Milestone for European navigation system

A model of the Galileo satellite hangs at the German Aerospace Center in Oberpfaffenhofen, on October 20, 2011
A model of the Galileo satellite hangs at the German Aerospace Center in Oberpfaffenhofen, near Wessling, Bavaria, on October 20, 2011. Galileo, Europe's rival to the US Global Positioning System (GPS), passed a milestone Tuesday when it pinpointed its first-ever ground location, the European Space Agency said.

Galileo, Europe's rival to the US Global Positioning System (GPS), passed a milestone Tuesday when it pinpointed its first-ever ground location, the European Space Agency said.

The spot—ESA's research and technology centre in Noordwijk in the Netherlands—was determined with an accuracy of between 10 and 15 metres (32 to 49 feet), using four satellites already in orbit.

"This is the first time ever that Europe has been able to determine a position on the ground using only its own independent navigation system," Galileo project manager Javier Benedicto said.

"This fundamental step confirms the works as planned," added an ESA statement.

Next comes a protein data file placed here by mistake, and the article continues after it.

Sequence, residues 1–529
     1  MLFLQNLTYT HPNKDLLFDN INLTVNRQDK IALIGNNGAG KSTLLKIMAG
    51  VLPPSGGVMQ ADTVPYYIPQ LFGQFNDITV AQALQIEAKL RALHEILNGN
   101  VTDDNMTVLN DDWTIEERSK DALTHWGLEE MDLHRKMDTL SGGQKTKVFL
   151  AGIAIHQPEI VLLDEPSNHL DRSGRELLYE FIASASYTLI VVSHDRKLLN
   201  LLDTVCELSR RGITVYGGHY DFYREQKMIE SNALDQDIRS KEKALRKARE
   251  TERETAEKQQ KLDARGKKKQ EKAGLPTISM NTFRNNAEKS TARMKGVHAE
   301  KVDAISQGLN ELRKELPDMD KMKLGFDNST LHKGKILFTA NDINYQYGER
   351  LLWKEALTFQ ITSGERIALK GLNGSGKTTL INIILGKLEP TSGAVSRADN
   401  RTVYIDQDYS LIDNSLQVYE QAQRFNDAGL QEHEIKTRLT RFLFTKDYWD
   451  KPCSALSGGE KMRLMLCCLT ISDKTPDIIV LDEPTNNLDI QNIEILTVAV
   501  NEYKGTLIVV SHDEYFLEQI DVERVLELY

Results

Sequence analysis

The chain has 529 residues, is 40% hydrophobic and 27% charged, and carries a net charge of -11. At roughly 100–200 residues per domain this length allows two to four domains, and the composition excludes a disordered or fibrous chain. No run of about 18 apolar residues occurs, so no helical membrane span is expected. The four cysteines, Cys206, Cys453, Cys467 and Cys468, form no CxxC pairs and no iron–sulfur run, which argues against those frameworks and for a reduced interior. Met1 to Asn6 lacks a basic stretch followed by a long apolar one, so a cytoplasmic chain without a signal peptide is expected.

A minimum of four satellites are required to fix a position in three dimensions—longitude, latitude and altitude.

The first two Galileo satellites were launched in October 2011, and two more last year.

The system's accuracy will improve as more infrastructure is added, said the agency.

ESA is set to launch four more Galileo satellites this year, contributing to an ultimate constellation of 27 orbiters and three spares.

Early should be available from the end of next year.


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Mar 12, 2013
They should make for interesting competition. Who can provide the greatest accuracy, the American system, or the European system, once all of its satellites are in place and their clocks properly calibrated? This should be fun.

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